This week, we revisit the Snow Monkeys & Hokkaido on my third and final Japan Winter Wildlife Tour for 2020. This is always an incredibly busy time for me, with three tours back to back, but it’s also a highlight of my year, as I meet all of the wonderfully talented and interesting guests that kindly participate in my tours, and this year was no exception. Our patience wasn’t tried by flight delays, and although I’ve decided to change the second wildlife tour to a landscape tour in 2021, the reduction in overseas visitors as the Corona Virus took hold actually made our trip more enjoyable, although I would have preferred that to be for different reasons.
Our first day with the Snow Monkeys on this trip was very similar to the first trip because there was again no snow. Even without the snow though, these guys weren’t just monkeys.
The opportunities that open up to us are different, but depending on how you approach it, definitely still worth being there, as with this first image, where I once again used the warm-colored background with the darker top, as well as the less diffused light to create a beautiful rim-light with the monkey’s fur.
This is a comparatively light-colored monkey anyway, which helps, but with well-controlled exposure, the results can be really nice. The only challenge was getting a monkey in a position where the background was far enough away to be completely blurred, and with enough contrast to form the rim-light.
I often find that even when exposing to the right, so that the histogram information is just touching the right shoulder, the monkey’s faces can still be slightly dark, so I generally tweak the Shadows sliders in Capture One Pro to bring that back out, and that’s the same if you’re using Lightroom.
That didn’t work as usual in this case though because I wanted to keep the top of the background dark, so rather than just increasing the Shadows slider for the entire image, I painted in an Adjustment Mask just around the monkey’s face, and increased the Shadows on the mask instead.
That enabled me to brighten the face without increasing the darkness of the background and losing some of that contrast that I was enjoying working with.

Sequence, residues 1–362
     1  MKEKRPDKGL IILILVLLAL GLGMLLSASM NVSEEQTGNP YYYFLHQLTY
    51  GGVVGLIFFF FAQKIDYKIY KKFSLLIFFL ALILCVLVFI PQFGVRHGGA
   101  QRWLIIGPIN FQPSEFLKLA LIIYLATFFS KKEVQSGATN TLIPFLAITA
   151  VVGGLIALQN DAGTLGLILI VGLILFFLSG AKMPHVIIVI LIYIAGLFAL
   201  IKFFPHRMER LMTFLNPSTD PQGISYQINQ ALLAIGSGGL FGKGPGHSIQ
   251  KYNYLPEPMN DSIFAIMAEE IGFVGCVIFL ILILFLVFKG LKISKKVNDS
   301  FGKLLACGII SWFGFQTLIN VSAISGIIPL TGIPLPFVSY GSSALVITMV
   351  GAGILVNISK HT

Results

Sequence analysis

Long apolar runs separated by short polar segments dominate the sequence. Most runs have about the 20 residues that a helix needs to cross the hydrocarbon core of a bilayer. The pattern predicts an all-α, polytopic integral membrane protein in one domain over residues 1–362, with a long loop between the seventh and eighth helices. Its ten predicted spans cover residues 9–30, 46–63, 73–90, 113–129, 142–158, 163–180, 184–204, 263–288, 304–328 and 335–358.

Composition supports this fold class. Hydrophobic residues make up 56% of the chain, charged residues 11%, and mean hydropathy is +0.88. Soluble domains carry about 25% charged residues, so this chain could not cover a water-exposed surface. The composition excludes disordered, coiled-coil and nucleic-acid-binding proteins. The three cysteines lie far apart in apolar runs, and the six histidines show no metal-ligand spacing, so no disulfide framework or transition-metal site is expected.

Another thing that I always enjoy doing, is walking down into the valley next to the river, to see what is happening there, away from the hot spring pool that is so popular.
On our first day, we were treated to a pair of young monkeys grooming (below, left), and I just love the pensive look on the larger monkey’s face here, but more so, the completely relaxed, almost meditative mood of the monkey being groomed. I also really like the background in this shot too. Once again, it was far enough away to be nice and blurred, but the pale brown tones make a nice change from the white, as much as I do love it when these guys are against the snow.
Talking of snow, although it wasn’t as much as forecast, it actually did snow overnight after our first day, and we were rewarded with some snow-covered patches as well as a bit of falling snow on our main, full day with the monkeys, as you can see in the next image (below, right).
The snow is a little dirty, and I have to admit, I cloned out two tiny triangular gaps in the snow where rock showed through, but it was nice to be able to get an almost completely white background, for the first time this season. It had snowed during the two and a half weeks between our two visits, so it wasn’t a completely snow-less year, but this was the first snow that I’d had, so it was nice to see.
You can see from this next image though, that the valley walls were still very much bare, with just a few patches of snow here and there. It takes a lot more snow than we’d had, and really multiple snowfalls, to cover the valley walls. A scuffle in the pool resulted in this mother and baby getting out, so as this young one clung to its mother for warmth, she surveyed the area and situation, trying to figure out what to do next.
As much as I enjoy intimately close images of my subjects, I do really enjoy placing them in their environment like this as well, giving the viewers of our images more context, although, as with most photographs, it’s always about how much the photographer wants you to see.
Most people don’t realize just how crowded this location can get, because most of the photographs you see are just of the animals. You’d be forgiven for thinking that this monkey is somewhat isolated in the mountains when the reality is that to the left of this scene, there are probably between 50 and a hundred people standing around with some form of an imaging device and a huge smile on their faces.
That is fine, of course. I have a huge smile on my face as well most of the time while I’m at the snow monkeys. The point is that we show what we want to show, and it can sometimes be deceiving, like the pose in this shot.
Everyone that sees this, including me when it happened, and when people look at the photo, recall the end of the Rocky movie, generally accompanied by a corny impression of Stallone calling out to Adrian.
Once again these primates prove to be some of our closest cousins, and for once, this wasn’t a fleeting moment. This monkey held her arms up for perhaps 20 seconds, then moved around to face the other side, giving us plenty of opportunities to record her proud pose.
Happy that we’d gotten some snow and some nice monkey photos, we headed back to Tokyo, and thankfully our flight was not delayed this time, so we made our way up to Hokkaido on schedule on the fourth morning of the tour, and made our way straight for the Red-Crowned Cranes, which continued to provide us with abundant photography opportunities.